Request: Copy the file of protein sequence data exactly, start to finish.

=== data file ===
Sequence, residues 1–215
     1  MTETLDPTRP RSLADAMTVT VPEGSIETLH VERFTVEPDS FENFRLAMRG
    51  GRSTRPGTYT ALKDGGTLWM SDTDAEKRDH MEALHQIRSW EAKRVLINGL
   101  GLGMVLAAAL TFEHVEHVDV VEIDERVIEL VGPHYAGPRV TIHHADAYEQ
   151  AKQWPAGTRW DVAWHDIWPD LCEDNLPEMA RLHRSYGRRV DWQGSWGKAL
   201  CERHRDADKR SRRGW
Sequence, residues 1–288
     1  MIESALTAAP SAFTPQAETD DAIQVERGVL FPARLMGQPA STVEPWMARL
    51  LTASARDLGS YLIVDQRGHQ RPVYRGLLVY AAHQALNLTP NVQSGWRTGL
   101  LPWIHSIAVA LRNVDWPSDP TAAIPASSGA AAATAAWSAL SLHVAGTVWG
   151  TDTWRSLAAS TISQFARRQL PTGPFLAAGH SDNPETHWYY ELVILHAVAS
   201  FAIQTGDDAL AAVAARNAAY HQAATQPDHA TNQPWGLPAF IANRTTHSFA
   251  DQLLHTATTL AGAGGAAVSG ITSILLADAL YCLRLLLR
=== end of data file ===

Sequence, residues 1–215
     1  MTETLDPTRP RSLADAMTVT VPEGSIETLH VERFTVEPDS FENFRLAMRG
    51  GRSTRPGTYT ALKDGGTLWM SDTDAEKRDH MEALHQIRSW EAKRVLINGL
   101  GLGMVLAAAL TFEHVEHVDV VEIDERVIEL VGPHYAGPRV TIHHADAYEQ
   151  AKQWPAGTRW DVAWHDIWPD LCEDNLPEMA RLHRSYGRRV DWQGSWGKAL
   201  CERHRDADKR SRRGW
Sequence, residues 1–288
     1  MIESALTAAP SAFTPQAETD DAIQVERGVL FPARLMGQPA STVEPWMARL
    51  LTASARDLGS YLIVDQRGHQ RPVYRGLLVY AAHQALNLTP NVQSGWRTGL
   101  LPWIHSIAVA LRNVDWPSDP TAAIPASSGA AAATAAWSAL SLHVAGTVWG
   151  TDTWRSLAAS TISQFARRQL PTGPFLAAGH SDNPETHWYY ELVILHAVAS
   201  FAIQTGDDAL AAVAARNAAY HQAATQPDHA TNQPWGLPAF IANRTTHSFA
   251  DQLLHTATTL AGAGGAAVSG ITSILLADAL YCLRLLLR